William Hill PLC, one of the largest bookmakers in the United Kingdom, recently named wrestling the odds-on favorite to reclaim its longstanding - though recently endangered - place on the roster of Olympic sports for the 2020 and 2024 Games.
Unfortunately, the picture isn't yet looking quite as rosy to Alex Conti.
"I'm not feeling much better," the longtime Fredonia wrestling coach said ahead of the International Olympic Committee's (IOC) September decision on the sport's Olympic fate. "I feel great about the effort to save it, but I still have no idea (which way the IOC will decide)."
Wrestling as an Olympic sport, you'll recall, was dealt a sudden and surprising blow in February when the International Olympic Committee dropped it from the program of the 2020 Games. Since then, in an effort to save the world's oldest sport, its governing body, the International Federation of Associated Wrestling Styles (FILA), has, in rapid-fire fashion, instituted a number of changes aimed at making the sport more popular, more accessible to both genders and, finally, more spectator friendly.
While FILA has focused on the more technical matters (it elected a new president, instituted rules changes and weight-class alterations and the like) in order to convince the IOC to reverse course, wrestlers and coaches, Conti included, have done their part by holding events across the globe in an effort to show wrestling's popularity is as strong as ever.
As an example of just one of the many events held, Conti, in May, took part in the "Battle at the Falls," a free-admission tri-meet that pit some of the best female wrestlers from Canada, the United States and the Ukraine against one another.
What's more, a veritable pantheon of wrestling greats have come out in vocal support of the sport they love.
"That's been solid," Conti said. "The wrestling greats have really pushed it, from Bruce Baumgartner; to Bill Scherr; to Cael Sanderson, who is an Olympic gold medalist that went undefeated during his college career; to Coach (Dan) Gable... all the big names in wrestling are making a final push.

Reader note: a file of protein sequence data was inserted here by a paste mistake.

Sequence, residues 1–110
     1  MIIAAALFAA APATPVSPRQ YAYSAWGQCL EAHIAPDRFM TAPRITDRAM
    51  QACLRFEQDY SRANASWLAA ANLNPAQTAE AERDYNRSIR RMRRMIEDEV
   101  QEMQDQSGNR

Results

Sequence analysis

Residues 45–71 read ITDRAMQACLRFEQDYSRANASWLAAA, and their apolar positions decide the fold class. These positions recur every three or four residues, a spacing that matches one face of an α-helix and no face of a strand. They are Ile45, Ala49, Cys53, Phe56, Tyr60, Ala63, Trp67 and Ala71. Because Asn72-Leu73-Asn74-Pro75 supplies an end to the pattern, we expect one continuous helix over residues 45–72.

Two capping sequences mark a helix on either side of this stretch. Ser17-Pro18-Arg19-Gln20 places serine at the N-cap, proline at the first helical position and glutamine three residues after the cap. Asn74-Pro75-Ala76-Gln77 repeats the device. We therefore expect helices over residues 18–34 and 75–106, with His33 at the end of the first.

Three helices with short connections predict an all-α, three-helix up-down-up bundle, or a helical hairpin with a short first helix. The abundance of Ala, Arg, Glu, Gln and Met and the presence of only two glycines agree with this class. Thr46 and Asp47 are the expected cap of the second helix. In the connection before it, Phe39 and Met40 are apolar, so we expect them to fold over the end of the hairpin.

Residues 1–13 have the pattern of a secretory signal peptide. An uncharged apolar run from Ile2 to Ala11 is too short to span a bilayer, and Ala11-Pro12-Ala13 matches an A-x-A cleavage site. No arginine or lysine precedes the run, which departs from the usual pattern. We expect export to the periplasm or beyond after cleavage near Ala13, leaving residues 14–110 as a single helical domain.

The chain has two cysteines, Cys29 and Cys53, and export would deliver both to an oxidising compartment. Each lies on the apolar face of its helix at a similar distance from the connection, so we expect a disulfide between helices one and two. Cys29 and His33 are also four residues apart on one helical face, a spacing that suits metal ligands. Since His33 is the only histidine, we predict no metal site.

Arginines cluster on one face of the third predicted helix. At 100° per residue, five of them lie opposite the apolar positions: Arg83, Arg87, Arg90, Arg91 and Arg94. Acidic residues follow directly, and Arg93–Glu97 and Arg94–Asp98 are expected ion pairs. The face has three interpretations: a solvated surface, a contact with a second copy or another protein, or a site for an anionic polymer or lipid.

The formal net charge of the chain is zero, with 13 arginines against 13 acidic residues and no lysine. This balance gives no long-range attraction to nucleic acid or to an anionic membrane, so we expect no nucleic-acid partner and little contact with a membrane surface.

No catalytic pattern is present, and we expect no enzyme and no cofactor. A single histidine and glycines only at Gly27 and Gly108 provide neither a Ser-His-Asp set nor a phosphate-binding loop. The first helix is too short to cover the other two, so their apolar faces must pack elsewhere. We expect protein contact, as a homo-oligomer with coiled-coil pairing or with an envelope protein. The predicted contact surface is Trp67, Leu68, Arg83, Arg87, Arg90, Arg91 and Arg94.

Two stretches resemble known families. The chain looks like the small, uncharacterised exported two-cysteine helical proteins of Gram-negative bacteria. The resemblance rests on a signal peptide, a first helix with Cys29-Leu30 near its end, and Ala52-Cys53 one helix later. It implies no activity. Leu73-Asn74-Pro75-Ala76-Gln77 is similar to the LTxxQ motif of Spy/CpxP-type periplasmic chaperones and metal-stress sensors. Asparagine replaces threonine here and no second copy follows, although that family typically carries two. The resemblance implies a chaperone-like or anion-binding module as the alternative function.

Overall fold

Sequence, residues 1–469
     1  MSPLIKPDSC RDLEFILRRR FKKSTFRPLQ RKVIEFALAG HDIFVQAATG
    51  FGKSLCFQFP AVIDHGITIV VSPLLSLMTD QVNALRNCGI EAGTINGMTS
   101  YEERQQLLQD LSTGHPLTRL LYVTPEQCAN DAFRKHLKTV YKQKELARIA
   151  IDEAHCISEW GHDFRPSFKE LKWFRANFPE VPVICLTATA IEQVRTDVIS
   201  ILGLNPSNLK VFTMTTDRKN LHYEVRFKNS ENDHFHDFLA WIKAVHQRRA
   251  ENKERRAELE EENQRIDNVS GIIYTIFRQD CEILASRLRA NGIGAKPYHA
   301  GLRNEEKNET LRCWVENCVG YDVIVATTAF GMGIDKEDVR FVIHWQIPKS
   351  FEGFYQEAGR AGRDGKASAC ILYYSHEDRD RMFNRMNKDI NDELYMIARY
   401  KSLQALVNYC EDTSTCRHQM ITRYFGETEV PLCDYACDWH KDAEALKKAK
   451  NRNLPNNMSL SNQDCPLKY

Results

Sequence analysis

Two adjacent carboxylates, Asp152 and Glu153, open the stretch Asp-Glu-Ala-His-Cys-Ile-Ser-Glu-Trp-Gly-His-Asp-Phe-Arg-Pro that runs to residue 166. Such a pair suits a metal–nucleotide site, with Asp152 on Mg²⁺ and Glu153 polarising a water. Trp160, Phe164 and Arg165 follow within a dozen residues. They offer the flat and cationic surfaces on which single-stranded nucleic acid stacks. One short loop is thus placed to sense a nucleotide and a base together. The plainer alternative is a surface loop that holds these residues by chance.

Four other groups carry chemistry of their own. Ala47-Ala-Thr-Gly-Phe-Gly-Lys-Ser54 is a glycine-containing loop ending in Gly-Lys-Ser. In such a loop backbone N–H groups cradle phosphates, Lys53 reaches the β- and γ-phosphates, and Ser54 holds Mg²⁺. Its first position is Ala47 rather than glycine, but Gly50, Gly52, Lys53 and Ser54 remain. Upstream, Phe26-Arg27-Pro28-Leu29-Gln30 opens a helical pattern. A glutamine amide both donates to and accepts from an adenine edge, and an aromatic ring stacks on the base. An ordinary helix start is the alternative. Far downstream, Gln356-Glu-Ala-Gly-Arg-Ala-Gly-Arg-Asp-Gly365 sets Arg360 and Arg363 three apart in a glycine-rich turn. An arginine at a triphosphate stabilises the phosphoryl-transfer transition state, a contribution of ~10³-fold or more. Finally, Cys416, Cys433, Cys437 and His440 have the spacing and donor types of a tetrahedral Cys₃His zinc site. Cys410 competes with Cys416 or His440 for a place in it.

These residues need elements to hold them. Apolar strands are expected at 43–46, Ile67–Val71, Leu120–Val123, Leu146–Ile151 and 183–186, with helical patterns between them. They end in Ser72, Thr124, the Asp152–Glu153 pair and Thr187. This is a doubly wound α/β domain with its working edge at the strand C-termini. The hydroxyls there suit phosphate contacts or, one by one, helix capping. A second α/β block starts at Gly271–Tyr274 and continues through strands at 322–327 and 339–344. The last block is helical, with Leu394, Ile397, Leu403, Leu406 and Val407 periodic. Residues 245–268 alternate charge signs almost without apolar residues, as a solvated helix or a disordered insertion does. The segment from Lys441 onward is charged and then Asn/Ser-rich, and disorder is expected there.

"But my fear is that it's not about peer pressure, but about financial pressure."
There have, however, been encouraging signs.
A few weeks ago, for instance, IOC Vice President Thomas Bach told the Foreign Press Association in Berlin that FILA "... has drawn its conclusions. It is now here with a new president, new program and new ideas for the sport. That is why I personally believe that wrestling has good chances to come through the vote in September."
Wrestling made it through the IOC's first cut-down process, which was held in late May, when it, along with squash and the combined bids of baseball and softball, beat out other Olympic hopefuls like karate, sport climbing, inline speed skating and wakeboarding, among others.
Conti notes that of the three remaining, squash poses the greatest threat.
"The problem is that squash is a formidable opponent," he explained. "(Those making the bid) have tried (to get the sport included) the last two times so they are organized, well-represented and are making an intelligent approach. They have dotted all the 'i's' and crossed all the 't's'."
Squash was thought to be a virtual shoe-in to make the roster for the next Games prior to the surprising IOC decision on wrestling.
The vote will be put before the IOC's general assembly in Buenos Aires, Argentina, on Sept. 8 - a little more than two weeks from now.
"It would be a horrible disservice to eliminate wrestling," Conti finished. "The Olympics, its song, the posters, even hieroglyphics... they all depict track and wrestling. I've never seen a hieroglyphic with a stick and a ball, or with a squash racket. So what do you do? Do you erase all of that from the Olympic archives? Do you just scrub it off or chip away the stone?
"It would be a travesty."